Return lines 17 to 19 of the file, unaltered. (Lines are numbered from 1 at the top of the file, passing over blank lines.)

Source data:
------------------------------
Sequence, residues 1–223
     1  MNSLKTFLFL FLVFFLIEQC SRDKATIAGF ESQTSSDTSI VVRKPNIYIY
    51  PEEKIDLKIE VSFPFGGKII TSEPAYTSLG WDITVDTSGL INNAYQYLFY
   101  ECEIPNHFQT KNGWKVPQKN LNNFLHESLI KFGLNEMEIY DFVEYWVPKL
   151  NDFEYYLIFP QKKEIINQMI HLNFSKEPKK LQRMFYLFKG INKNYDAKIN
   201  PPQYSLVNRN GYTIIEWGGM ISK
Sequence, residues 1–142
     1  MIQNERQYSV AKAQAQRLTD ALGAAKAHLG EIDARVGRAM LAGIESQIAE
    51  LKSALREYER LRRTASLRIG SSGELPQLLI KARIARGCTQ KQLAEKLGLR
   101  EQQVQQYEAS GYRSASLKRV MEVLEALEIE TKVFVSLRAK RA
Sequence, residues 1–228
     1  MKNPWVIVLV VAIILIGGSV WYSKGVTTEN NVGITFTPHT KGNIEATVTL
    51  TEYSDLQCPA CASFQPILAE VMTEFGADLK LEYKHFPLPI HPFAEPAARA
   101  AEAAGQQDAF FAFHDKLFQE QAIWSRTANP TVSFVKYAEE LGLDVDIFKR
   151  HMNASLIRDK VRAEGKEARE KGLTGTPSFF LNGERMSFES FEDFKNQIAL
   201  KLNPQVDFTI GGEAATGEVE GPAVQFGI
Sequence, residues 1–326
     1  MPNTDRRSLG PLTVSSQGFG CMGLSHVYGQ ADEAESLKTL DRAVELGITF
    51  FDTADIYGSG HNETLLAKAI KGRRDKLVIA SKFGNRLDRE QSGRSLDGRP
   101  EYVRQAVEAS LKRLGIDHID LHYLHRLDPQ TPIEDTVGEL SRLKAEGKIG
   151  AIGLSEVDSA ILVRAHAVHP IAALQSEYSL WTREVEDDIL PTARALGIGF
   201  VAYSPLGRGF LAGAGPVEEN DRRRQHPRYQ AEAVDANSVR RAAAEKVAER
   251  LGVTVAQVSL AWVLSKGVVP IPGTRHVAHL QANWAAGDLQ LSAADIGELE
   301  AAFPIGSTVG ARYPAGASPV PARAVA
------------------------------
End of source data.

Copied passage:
Sequence, residues 1–326
     1  MPNTDRRSLG PLTVSSQGFG CMGLSHVYGQ ADEAESLKTL DRAVELGITF
    51  FDTADIYGSG HNETLLAKAI KGRRDKLVIA SKFGNRLDRE QSGRSLDGRP